Report Shows Students Are Not Receiving Proper Loan Counseling

In 2010, the average college student graduated with $25,250 in student loan debt, the Project on Student Debt reports, and this figure continues to rise each year. While higher education advocates and politicians have searched for a solution to this growing problem, a new report by NERA Economic Consulting and Young Invincibles shows that additional financial aid consulting for students may be a good start in reducing their post-graduation debt.

The report shows that 40% of students with federal loans said they did not receive any type of financial aid counseling about their loans, even though colleges are required by law to give students both entrance and exit counseling.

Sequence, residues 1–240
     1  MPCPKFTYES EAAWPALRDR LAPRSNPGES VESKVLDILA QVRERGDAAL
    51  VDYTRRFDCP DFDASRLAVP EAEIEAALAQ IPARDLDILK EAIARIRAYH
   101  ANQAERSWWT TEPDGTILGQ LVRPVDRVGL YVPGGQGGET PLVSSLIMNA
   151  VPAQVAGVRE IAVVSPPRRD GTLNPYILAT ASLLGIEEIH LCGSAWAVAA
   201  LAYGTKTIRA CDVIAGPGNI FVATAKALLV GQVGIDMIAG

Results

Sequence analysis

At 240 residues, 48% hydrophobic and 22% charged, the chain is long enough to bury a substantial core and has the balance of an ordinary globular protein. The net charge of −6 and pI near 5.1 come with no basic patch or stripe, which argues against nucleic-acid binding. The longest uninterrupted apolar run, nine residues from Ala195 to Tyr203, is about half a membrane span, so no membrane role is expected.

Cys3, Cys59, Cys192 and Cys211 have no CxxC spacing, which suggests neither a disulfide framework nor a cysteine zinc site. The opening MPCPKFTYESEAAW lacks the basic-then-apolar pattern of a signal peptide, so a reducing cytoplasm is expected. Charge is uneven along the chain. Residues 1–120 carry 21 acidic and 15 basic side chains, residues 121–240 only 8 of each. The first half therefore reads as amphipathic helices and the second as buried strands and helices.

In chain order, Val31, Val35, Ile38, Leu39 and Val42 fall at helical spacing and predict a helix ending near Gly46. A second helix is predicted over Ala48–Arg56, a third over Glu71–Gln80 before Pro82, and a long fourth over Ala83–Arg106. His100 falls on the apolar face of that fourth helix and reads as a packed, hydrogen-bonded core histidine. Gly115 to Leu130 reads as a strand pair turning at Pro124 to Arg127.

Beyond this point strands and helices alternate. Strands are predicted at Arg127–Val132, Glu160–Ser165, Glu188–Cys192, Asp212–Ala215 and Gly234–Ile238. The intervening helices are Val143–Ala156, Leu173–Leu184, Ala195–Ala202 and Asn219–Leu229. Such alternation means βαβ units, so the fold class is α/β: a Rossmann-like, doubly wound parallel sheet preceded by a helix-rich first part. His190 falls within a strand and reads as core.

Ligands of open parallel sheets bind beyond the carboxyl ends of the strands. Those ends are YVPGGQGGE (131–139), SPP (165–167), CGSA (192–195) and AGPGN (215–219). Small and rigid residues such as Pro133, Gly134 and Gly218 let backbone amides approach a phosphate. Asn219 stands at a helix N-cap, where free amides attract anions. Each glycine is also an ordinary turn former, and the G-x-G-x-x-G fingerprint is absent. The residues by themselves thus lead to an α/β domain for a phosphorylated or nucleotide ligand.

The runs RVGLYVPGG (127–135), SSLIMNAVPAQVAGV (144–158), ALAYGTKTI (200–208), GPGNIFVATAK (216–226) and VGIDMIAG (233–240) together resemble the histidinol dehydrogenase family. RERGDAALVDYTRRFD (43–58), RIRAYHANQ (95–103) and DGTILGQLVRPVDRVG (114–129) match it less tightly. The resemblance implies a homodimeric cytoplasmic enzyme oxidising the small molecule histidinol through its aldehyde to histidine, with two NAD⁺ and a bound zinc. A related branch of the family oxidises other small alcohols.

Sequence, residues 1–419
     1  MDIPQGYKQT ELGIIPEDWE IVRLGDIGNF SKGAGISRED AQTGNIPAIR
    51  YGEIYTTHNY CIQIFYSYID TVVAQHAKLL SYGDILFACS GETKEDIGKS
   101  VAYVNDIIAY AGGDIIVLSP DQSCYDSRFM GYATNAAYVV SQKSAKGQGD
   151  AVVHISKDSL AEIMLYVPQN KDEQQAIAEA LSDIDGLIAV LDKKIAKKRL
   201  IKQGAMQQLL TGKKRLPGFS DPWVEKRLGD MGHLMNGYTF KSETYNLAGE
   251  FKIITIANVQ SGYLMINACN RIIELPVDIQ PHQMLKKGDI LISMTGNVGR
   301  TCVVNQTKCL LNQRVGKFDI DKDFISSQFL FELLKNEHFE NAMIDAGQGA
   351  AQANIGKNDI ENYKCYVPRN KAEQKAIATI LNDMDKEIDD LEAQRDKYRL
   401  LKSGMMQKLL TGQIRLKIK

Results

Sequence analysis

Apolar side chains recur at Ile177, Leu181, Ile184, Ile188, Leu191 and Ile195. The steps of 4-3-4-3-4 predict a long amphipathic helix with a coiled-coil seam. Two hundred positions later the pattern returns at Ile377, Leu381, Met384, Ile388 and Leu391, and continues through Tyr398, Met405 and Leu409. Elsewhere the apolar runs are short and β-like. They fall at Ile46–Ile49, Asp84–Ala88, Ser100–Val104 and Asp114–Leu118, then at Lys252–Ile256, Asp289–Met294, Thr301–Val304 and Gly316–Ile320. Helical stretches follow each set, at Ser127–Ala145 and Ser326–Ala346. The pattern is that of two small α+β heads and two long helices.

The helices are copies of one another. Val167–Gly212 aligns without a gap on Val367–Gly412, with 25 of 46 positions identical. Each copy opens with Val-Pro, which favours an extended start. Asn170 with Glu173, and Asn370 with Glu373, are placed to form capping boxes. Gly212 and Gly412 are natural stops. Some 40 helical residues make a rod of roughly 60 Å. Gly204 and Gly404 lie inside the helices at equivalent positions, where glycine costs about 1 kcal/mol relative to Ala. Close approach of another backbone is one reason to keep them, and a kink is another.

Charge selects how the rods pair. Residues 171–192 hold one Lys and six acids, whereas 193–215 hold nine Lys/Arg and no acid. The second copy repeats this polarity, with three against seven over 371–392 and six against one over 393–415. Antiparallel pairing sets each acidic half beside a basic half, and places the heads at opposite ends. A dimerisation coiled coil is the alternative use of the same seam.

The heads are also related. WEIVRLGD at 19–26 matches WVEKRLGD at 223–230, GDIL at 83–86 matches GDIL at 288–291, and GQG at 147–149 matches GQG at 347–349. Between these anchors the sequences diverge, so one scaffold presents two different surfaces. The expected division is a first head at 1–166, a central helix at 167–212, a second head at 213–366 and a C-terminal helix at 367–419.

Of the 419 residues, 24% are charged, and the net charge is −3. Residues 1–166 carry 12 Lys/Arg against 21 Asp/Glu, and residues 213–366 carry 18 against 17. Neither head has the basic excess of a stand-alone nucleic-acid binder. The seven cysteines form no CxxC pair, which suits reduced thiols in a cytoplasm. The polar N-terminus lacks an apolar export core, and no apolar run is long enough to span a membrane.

For students who do not receive the proper information about their loans, the results can often be devastating.

"If students lack accurate information about grants and loans, they may miss opportunities to fund their education or may make financially damaging choices," the report states. "It is not clear whether the higher than-average debt held by our respondents is reflective of personal financial circumstances, school choice, or something else. It seems likely, however, that lacking clear information and proper counseling to help guide smart borrowing decisions may be among the list of possible reasons for these high debt levels."


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